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Painting Fool is no idiot

Monday, June 25, 2012 - 02:36

June 25 - The Painting Fool, a computer program which has been taught to recognize human emotion, has been building a reputation as an accomplished artist over the past decade. Its creator Simon Colton believes the Fool's future is as bright as some of the abstract artwork created by the program. He has big plans to extend the program into the area of literature. Jim Drury reports.

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The Painting Fool, a computer program which has been taught to recognise human emotion, has been building a reputation as an accomplished artist over the past decade. Its creator Simon Colton believes the Fool's future is as bright as some of the abstract artwork created by the program. He has big plans to extend the program into the area of literature. Jim Drury has more. STORY: At first glance these landscape paintings don't appear out of the ordinary. In fact they were produced by computer program 'The Painting Fool', which creator Simon Colton says works independently of human influence. A senior academic at London's Imperial College, Colton's been constantly updating 'The Fool' since building its first model in 2001. SOUNDBITE (English) SIMON COLTON, INVENTOR OF THE PAINTING FOOL AND READER IN COMPUTATIONAL CREATIVITY AT IMPERIAL COLLEGE, LONDON, SAYING: "Right from the start, about six or eight years ago, we said we're going to state the aim of the project to be to build software which is one day taken seriously as a creative artist in its own right, so if I die no-one will notice.... We have to hand over more and more creative responsibility until one day it's perfectly fair to say that software is not being driven by its original programming, so therefore it's acting independently." The software is built to analyse and respond in a human fashion, rather than simply applying filters. The Fool can simply be told themes - or fed a news story - and it will improvise an accompanying painting. SOUNDBITE (English) SIMON COLTON, INVENTOR OF THE PAINTING FOOL AND READER IN COMPUTATIONAL CREATIVITY AT IMPERIAL COLLEGE, LONDON, SAYING: "This is a line-up of 17 people and these people are not from photographs. They just don't exist in reality. They're from what's called a context-free design grammar, which are a set of rules which help you generate things which look like people and when you put them all together you get a scene of dancers and that was very important for us to get away from photography because it moved away from reality and into the realm of imagination." Colton used his Imperial colleagues' emotion detecting software to help 'The Fool' read people's moods before painting them. Now the program improvises all its works, choosing colour palette, art materials, and technique, often surprising its creator. Colton recently configured it to produce poetry and wants to create the 'Writing Fool' as his program's offshoot. SOUNDBITE (English) SIMON COLTON, INVENTOR OF THE PAINTING FOOL AND READER IN COMPUTATIONAL CREATIVITY AT IMPERIAL COLLEGE, LONDON, SAYING: "It's getting the software to generate commentaries about why it's done something, so in the painting case it would be a wall text or an essay about its motivations, where it got the images from, why it's chosen particular painting styles, justifying what it's doing ....connecting it to art history and society at large and the culture of the day and convincing you that an intelligent beast has produced this piece." His creation has won several artificial intelligence prizes. But for Colton, the biggest landmark will be when it's recognised as an artist in its own right. Despite its name, The Painting Fool is certainly no idiot. Jim Drury, Reuters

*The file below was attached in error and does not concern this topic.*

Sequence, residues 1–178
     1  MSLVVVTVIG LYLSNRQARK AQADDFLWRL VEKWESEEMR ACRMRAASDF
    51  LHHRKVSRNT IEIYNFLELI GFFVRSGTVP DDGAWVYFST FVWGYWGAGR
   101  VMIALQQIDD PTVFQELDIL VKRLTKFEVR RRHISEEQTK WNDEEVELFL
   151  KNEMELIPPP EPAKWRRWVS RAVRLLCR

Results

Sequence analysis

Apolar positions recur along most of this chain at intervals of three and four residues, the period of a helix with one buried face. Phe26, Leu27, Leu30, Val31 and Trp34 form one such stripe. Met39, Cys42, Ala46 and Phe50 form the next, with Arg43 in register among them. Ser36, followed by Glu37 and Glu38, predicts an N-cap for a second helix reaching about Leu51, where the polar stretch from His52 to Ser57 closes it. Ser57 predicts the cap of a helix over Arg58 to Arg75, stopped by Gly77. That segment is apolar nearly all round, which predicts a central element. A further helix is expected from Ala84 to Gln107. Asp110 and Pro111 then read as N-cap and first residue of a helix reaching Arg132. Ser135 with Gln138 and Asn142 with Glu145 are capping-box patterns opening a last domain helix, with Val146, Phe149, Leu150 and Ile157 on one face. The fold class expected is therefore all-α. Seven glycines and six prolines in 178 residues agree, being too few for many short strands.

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Painting Fool is no idiot

Monday, June 25, 2012 - 02:36